School-attending adolescents and alcohol use: effect of religion and other associated socio-demographic factors as seen in Benin city, Nigeria

  • AN Otakpor
  • OO Akanni

Abstract

AIMS AND OBJECTIVES: This study assessed the prevalence of alcohol use by secondary school adolescents and its association with religion and other socio-demographic variables with a view to improving alcohol use preventive programs. PATIENTS AND METHODS: Four hundred and sixty five school-attending adolescents aged 16 to 19 years comprising 255 (54.8%) males and 210 (45.2%) females were randomly selected, and assessed by means of self-administered questionnaires for alcohol use; religious affiliation, commitment (orientation), and parental religiosity; and family structure, type of school attended, gender and age.
RESULTS: The lifetime, 12-month and 30-days prevalence rates of alcohol use were 55.9%, 41.9% and 29.0% respectively. Low parental religiosity (X2 =11.85, df =2, p =0.00) and male gender (X2 = 9.50, df = 1, p = 0.00) were significantly associated with alcohol use. Also, alcohol use in the past 12 months was significantly associated with religious orientation (F = 2.94, p = 0.03); the unclassified religious orientation subgroup reported significantly higher alcohol use than the extrinsic personal and the intrinsic oriented subgroups. Age, type of school attended, family structure and religious affiliation were not associated with alcohol use.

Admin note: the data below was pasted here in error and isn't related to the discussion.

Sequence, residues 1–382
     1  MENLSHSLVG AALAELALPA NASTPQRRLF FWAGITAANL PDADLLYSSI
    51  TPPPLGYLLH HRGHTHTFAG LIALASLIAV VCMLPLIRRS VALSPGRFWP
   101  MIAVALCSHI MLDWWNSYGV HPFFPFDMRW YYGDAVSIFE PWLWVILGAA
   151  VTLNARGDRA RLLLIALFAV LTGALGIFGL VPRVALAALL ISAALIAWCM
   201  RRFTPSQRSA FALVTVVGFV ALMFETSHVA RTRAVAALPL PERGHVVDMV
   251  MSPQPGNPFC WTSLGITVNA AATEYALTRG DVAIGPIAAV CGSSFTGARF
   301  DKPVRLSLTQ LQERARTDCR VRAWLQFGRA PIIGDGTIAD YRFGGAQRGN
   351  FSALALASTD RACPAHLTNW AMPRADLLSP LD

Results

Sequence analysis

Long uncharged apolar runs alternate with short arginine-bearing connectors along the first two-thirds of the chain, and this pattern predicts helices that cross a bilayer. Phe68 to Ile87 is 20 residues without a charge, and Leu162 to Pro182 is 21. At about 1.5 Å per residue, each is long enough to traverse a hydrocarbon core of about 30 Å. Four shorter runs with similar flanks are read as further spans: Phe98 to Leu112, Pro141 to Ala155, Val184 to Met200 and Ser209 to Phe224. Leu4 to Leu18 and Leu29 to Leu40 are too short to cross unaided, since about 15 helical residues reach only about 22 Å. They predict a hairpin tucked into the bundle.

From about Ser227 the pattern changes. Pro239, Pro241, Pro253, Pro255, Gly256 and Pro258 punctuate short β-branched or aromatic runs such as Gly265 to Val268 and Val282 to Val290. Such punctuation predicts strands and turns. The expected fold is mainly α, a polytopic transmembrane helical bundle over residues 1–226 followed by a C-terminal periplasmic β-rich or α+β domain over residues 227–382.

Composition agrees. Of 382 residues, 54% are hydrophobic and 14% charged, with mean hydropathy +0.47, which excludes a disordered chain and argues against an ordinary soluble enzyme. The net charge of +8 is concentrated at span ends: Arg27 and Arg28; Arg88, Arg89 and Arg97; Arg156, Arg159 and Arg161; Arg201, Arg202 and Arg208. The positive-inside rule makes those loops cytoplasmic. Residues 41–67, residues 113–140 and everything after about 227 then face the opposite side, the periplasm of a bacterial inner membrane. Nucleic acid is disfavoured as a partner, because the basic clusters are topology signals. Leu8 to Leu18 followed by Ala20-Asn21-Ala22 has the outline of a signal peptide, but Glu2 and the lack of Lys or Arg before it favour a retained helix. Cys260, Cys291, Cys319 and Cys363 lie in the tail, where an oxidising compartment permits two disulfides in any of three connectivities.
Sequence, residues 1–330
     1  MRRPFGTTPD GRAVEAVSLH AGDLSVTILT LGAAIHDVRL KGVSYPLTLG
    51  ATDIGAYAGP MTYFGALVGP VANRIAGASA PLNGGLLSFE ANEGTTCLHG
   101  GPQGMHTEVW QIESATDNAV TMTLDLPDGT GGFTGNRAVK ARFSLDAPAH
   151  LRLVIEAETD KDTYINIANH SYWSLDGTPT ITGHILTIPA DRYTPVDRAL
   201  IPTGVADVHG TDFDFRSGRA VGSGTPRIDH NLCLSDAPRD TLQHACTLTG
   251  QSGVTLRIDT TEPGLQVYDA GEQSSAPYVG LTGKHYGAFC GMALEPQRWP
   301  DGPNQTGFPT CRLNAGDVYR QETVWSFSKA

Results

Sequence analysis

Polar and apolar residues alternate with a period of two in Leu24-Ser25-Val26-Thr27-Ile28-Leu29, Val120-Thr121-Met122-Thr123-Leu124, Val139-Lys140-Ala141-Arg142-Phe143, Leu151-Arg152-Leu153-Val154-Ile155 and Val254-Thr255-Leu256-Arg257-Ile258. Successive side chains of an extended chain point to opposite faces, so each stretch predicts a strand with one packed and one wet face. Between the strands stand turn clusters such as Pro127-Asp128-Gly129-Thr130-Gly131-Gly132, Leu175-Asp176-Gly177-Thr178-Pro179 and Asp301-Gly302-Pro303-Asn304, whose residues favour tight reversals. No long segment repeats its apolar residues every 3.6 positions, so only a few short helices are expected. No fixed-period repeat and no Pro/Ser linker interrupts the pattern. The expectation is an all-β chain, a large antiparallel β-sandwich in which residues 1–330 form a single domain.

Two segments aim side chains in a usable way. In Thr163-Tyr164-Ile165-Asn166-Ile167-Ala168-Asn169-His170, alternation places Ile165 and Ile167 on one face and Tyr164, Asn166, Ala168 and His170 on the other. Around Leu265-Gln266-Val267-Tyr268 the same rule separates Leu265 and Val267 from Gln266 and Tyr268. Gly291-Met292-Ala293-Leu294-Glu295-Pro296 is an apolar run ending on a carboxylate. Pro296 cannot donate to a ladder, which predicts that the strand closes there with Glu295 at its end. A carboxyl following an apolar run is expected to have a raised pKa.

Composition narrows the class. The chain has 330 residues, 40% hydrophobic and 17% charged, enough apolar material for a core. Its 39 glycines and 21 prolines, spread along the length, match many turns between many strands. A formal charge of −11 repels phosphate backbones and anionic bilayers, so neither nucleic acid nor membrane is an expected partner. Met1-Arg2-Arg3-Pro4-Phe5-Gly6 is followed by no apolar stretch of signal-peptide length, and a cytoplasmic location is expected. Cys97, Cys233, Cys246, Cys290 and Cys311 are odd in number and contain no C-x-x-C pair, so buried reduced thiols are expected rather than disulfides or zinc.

CONCLUSION: Religious commitment and high parental religiosity appear to have protective effects against alcohol use by adolescents. Large scale collaborative studies to test these findings are advocated.

Keywords: Adolescent alcohol use, religion and religious orientation, parental religiosity, epidemiology

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